“In this court, for the first time, the state acknowledges that HGN test evidence is not admissible to prove that a defendant was driving while having a BAC of .08 percent or more. Statutory law requires, as the state now concedes, [147 Or.App. 638] that the offense of DUII with a .08 percent or more BAC may be proved only by a ‘chemical analysis of the breath or blood of the person made under ORS 813.100, 813.140 or 813.150.’ ORS 813.010(1)(a). * * * An HGN test does not involve a chemical analysis of breath or blood. Hence, an HGN test is not a chemical test under ORS 813.010(1)(a). Under ORS 813.010(1)(a), HGN test evidence is not, therefore, admissible to prove that a person had a BAC of .08 percent or more.” 321 Or. at 307-08, 899 P.2d 663. (Emphasis in original; footnotes omitted.) 4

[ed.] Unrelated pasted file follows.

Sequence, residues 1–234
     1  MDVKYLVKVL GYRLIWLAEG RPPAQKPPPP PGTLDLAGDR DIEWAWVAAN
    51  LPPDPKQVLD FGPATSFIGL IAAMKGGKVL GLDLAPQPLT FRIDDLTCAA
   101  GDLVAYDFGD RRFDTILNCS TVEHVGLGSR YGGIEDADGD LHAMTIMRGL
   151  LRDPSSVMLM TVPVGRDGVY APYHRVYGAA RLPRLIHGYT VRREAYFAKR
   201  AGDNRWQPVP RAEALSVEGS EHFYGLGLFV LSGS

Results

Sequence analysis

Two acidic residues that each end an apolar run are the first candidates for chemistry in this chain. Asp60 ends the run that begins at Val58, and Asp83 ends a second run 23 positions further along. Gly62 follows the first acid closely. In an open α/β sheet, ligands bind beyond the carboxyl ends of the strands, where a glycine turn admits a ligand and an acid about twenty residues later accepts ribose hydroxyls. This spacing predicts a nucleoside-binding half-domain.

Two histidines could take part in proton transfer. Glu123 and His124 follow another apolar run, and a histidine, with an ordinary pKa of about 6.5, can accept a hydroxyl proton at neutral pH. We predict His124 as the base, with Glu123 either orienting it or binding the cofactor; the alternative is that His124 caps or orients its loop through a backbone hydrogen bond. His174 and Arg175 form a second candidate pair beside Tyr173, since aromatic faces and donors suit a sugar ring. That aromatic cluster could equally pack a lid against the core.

The O’Key opinion does not mention the holding in Clark. The issue in this case is whether the reasoning in O’Key extends to indicia of intoxication other than evidence of an HGN test and renders them inadmissible as evidence under the statute, at least insofar as the state’s prima facie case is concerned. ORS 813.010(1)(a) imposes the legal standard of a scientific measurement of blood alcohol content and provides that the measurement is “as shown by chemical analysis of the breath or blood of the person.” If HGN evidence is not admissible under the statute because it is not a chemical test of the breath or blood, it follows that evidence of the observable indicia of intoxication or an opinion about the indicia is not admissible either, because neither is based on chemical tests of the breath or blood.